Here's an anecdote I remember from the book "Yangtze River Patrol", about the U.S. Navy gunboats that patrolled the Chinese River.
In the 1920s one of the gunboats, Monocacy I believe, was making it's way upriver to a port city. As it neared the city it came under intermittent rifle fire from the banks. It wasn't particularly accurate fire, as there really weren't any Chinese marksmen to speak of, but it was galling even though nobody was hurt. It was observed the fire was coming from Chinese soldiers, not bandits.
Upon arriving at the city the boat's commander paid a visit to the large home of the general in charge of Chinese troops in the district to complain about the sniping.
The general explained the skipper shouldn't worry about it too much, as the soldiers were just young men in high spirits eager for adventure.
The skipper replied that he understood completely. As a matter of fact, he had some young men just like that on the ship. Just before leaving for the visit, he caught these young men aiming the 3-inch gun on the fantail at the general's large villa. And with a live round in the breech no less! The sailors explained that the house made too much of a tempting target to use for "aiminig practice".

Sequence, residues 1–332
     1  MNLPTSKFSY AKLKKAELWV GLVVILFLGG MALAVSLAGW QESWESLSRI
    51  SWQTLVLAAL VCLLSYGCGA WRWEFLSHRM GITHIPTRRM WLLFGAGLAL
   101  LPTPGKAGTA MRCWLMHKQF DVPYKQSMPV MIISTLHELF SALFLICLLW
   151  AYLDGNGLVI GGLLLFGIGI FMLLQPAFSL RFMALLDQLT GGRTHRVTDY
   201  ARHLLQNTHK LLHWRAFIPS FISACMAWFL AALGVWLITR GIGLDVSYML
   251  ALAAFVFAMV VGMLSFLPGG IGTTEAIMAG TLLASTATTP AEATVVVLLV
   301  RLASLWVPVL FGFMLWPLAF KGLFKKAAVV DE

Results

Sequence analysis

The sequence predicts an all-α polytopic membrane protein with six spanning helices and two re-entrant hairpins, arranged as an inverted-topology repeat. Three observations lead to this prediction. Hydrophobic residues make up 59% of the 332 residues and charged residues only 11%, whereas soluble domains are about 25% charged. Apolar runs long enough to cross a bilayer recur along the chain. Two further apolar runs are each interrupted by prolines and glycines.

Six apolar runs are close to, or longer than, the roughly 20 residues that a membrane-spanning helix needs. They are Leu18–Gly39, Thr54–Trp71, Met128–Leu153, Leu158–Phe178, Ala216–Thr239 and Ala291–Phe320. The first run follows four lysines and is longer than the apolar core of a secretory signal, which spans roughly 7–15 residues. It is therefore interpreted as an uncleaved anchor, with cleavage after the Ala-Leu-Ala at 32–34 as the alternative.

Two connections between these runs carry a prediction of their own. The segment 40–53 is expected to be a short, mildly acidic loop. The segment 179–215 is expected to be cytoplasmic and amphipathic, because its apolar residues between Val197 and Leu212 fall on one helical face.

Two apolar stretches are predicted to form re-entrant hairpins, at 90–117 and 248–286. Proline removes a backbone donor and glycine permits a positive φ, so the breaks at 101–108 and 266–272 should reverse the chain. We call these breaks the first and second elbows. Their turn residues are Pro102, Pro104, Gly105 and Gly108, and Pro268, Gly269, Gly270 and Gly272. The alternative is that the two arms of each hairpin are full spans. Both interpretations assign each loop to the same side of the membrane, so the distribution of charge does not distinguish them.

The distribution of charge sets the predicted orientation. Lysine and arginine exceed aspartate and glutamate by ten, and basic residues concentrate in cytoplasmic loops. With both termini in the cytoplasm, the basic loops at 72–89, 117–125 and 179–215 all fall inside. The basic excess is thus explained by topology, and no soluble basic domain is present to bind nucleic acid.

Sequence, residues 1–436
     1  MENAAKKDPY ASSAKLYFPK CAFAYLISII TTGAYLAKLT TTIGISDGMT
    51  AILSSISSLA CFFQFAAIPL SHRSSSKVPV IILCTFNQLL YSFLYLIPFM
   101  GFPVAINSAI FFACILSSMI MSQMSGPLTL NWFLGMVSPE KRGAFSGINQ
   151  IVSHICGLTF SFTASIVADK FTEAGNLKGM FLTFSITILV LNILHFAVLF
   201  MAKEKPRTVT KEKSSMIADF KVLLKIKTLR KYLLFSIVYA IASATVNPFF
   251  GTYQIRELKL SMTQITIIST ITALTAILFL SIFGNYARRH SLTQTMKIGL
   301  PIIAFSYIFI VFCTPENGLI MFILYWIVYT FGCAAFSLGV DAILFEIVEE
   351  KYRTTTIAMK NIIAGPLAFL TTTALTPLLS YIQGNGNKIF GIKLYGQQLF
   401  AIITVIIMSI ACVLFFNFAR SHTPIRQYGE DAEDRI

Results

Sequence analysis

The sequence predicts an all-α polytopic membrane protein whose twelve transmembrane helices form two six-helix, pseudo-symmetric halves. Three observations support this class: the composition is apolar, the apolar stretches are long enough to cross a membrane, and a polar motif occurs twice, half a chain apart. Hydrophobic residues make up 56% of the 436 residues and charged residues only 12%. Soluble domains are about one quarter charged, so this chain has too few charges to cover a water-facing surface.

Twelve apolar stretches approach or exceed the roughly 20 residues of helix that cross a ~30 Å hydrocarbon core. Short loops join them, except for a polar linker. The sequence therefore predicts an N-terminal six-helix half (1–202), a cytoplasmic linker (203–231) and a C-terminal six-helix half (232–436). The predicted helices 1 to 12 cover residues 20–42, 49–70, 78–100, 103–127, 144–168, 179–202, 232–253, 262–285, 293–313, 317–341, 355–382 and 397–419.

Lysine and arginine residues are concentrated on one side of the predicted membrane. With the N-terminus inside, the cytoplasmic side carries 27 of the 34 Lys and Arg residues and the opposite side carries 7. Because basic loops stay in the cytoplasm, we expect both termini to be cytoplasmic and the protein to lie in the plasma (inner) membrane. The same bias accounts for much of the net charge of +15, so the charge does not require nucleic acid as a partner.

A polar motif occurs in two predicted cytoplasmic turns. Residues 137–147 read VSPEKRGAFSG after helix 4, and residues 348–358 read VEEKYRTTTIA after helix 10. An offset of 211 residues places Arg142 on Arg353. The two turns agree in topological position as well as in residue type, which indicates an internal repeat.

The next time the boat visited that city, they were not fired on from the shore.
Once you've got your sights adjusted to the ammunition you have, step away from the bench. In competition or the field...there are no benches.